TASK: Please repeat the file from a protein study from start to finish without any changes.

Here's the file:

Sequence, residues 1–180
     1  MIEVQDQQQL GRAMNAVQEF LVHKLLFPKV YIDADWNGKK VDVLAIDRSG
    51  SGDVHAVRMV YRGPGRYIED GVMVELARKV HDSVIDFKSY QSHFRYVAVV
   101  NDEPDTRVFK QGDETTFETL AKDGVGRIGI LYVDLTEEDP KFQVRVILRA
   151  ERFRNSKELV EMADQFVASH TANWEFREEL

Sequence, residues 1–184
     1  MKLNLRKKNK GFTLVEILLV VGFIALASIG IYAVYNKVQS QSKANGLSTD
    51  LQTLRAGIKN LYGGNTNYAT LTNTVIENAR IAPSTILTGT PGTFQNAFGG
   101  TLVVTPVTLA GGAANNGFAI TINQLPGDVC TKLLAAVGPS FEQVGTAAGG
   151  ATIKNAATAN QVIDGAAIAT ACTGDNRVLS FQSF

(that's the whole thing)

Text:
Sequence, residues 1–180
     1  MIEVQDQQQL GRAMNAVQEF LVHKLLFPKV YIDADWNGKK VDVLAIDRSG
    51  SGDVHAVRMV YRGPGRYIED GVMVELARKV HDSVIDFKSY QSHFRYVAVV
   101  NDEPDTRVFK QGDETTFETL AKDGVGRIGI LYVDLTEEDP KFQVRVILRA
   151  ERFRNSKELV EMADQFVASH TANWEFREEL

Sequence, residues 1–184
     1  MKLNLRKKNK GFTLVEILLV VGFIALASIG IYAVYNKVQS QSKANGLSTD
    51  LQTLRAGIKN LYGGNTNYAT LTNTVIENAR IAPSTILTGT PGTFQNAFGG
   101  TLVVTPVTLA GGAANNGFAI TINQLPGDVC TKLLAAVGPS FEQVGTAAGG
   151  ATIKNAATAN QVIDGAAIAT ACTGDNRVLS FQSF